A criminal record can create difficult downstream consequences, whether the record is for having been arrested or convicted (or both). For example, employers and landlords commonly ask job applicants and rental applicants whether they have ever been convicted of (or perhaps even arrested for) a criminal offense. Employers might not hire—and landlords might not rent to—people who answer "yes" to these questions. The good news is that, in some cases, you may be able to get an arrest or conviction expunged from your record.
Expungement refers to the process of sealing arrest, conviction, and related records from public view. Virtually every state has enacted laws that allow people to expunge arrests and convictions from their records. Though the details can vary from one state to the next, most states' laws provide that once an arrest or conviction has been expunged, it need not be disclosed, including to potential employers or landlords.
While not every conviction or person qualifies for expungement, many states are expanding expungement eligibility. So it's always worthwhile to check out your state's laws.
Most states place some limits on what offenses qualify for expungement. For example, a jurisdiction might allow expungement only for arrests and misdemeanor convictions but not for felony convictions. Some states provide a list of ineligible offenses. Common ineligible offenses include violent offenses, homicides, sex offenses, impaired driving (DUI), and bribery or fraud offenses.
Many states make expungement available only after a person finishes serving the entire sentence, including any term of probation. A state might require payment of all fines, fees, and restitution associated with the offense.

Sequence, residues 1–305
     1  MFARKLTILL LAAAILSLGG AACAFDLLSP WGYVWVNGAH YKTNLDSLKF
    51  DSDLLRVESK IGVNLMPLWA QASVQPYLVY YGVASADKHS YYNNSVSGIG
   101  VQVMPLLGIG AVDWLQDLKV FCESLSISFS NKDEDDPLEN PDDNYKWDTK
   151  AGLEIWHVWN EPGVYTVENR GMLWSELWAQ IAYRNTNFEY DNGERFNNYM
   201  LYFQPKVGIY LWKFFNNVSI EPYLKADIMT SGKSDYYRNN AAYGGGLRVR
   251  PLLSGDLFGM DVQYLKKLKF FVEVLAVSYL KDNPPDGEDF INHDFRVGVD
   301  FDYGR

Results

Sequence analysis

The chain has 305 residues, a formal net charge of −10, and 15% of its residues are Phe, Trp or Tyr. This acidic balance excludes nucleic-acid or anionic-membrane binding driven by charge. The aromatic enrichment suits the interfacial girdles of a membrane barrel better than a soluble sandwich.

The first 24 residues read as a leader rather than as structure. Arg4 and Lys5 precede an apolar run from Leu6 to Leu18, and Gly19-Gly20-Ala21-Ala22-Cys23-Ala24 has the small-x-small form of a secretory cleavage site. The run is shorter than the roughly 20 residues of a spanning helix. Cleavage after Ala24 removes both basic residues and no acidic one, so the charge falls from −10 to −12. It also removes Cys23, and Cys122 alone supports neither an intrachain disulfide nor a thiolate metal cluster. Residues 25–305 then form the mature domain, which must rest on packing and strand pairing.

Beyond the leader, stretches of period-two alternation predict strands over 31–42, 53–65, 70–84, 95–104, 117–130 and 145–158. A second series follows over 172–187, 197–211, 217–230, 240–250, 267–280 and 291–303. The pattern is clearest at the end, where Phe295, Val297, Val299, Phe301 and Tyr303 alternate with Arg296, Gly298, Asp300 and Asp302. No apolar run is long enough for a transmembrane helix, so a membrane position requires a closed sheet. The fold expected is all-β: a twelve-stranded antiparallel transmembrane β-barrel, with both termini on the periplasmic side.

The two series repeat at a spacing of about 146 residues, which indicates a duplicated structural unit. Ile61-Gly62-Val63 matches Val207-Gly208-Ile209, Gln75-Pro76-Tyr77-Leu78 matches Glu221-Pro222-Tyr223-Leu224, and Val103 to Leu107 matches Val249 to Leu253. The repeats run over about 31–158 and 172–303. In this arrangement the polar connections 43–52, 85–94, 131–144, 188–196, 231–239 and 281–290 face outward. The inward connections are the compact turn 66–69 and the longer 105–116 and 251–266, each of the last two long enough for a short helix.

Also, check to see whether a wait period applies. Before requesting an expungement, some laws require a person to wait a certain amount of time (say 1, 5, or 10 years) after completing their sentence and remain crime free during that time.
Tip: Even if your offense falls under an ineligible category at the moment, check the law every year to see if it changed.
Expungement doesn't necessarily require hiring an attorney. Many courts have forms and instructions available online or at the courthouse. Typically, a person must fill out paperwork (such as an expungement petition), file the paperwork with the court and the prosecutor's office, and sometimes pay a filing fee. The next step is typically a court hearing.
Each state uses its own procedures, which can vary by offense, disposition, and other factors. While many states are working to make the process easier (and even automatic in some places), it can take some time and effort to get the expungement through. If you need assistance, consider hiring an attorney or seek out a legal aid organization (some run free expungement clinics).
Not completely. Very few states actually destroy an expunged record. Typically, expunging a record means to seal it from public view, preventing prospective landlords, employers, licensing boards, and the general public from seeing the record.
Rather than destroy the record, most states make it confidential so the public can't view it, but it can be used by judges, law enforcement, and prosecutors for any future criminal charging or sentencing decisions. Certain state employers or licensing boards may also ask the court to open an expunged record when a person applies for a sensitive position, such as working in a daycare, nursing home, or criminal justice agency.
And, of course, the internet never forgets. Expungement applies only to government records. Whatever information is out there in newspapers, on social media, or in private databases will likely remain there unless you take additional efforts to address such information.
Contact an attorney if you're not comfortable going through the process of expunging your records on your own or you're just overwhelmed. Other helpful resources may be found on the court's website or on the website of a legal aid or expungement clinic. Do a quick online search or check out some of these resources: